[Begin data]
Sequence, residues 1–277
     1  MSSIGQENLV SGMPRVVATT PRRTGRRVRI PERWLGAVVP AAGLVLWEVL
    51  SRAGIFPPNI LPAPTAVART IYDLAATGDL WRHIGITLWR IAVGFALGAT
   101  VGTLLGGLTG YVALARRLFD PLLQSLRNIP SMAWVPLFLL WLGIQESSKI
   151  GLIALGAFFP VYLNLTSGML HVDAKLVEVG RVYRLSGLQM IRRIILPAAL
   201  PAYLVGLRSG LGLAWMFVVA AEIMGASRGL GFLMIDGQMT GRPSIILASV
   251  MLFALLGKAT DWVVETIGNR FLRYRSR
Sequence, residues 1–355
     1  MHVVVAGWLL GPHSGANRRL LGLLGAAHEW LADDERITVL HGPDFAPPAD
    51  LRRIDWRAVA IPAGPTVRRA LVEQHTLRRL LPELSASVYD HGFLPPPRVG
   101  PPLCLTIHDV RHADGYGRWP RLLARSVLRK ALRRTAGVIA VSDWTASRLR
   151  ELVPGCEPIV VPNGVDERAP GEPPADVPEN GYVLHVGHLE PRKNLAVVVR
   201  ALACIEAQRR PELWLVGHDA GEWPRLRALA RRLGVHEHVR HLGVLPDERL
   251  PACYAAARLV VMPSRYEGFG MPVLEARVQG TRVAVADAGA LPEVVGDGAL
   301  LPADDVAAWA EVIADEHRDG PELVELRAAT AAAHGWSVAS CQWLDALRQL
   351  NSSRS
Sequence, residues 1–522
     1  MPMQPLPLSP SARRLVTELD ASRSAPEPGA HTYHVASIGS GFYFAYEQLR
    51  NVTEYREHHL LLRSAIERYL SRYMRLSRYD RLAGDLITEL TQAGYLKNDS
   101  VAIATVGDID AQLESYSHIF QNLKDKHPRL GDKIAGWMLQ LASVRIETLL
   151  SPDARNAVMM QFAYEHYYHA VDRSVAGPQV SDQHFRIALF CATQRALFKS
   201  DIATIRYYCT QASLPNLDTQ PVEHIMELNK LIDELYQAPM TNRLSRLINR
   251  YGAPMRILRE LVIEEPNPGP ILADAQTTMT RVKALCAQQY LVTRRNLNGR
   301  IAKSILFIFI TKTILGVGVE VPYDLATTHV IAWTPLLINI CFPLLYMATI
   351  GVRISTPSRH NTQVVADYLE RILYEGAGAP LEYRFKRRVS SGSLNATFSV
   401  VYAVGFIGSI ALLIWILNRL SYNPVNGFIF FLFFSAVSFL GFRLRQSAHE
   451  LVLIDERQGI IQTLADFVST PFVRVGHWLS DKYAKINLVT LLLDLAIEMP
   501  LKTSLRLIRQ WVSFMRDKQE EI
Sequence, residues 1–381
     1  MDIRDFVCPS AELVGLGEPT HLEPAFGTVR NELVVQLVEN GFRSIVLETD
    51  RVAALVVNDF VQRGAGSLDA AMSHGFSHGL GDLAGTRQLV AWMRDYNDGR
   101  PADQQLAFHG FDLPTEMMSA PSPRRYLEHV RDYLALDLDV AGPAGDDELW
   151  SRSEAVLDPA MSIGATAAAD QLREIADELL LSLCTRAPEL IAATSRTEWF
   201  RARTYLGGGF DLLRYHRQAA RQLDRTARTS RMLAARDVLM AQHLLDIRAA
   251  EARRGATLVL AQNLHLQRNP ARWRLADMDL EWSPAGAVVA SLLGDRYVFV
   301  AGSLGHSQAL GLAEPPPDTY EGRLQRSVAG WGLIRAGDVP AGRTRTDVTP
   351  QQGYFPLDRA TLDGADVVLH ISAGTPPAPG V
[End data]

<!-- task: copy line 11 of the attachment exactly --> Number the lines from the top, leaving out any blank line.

   101  PPLCLTIHDV RHADGYGRWP RLLARSVLRK ALRRTAGVIA VSDWTASRLR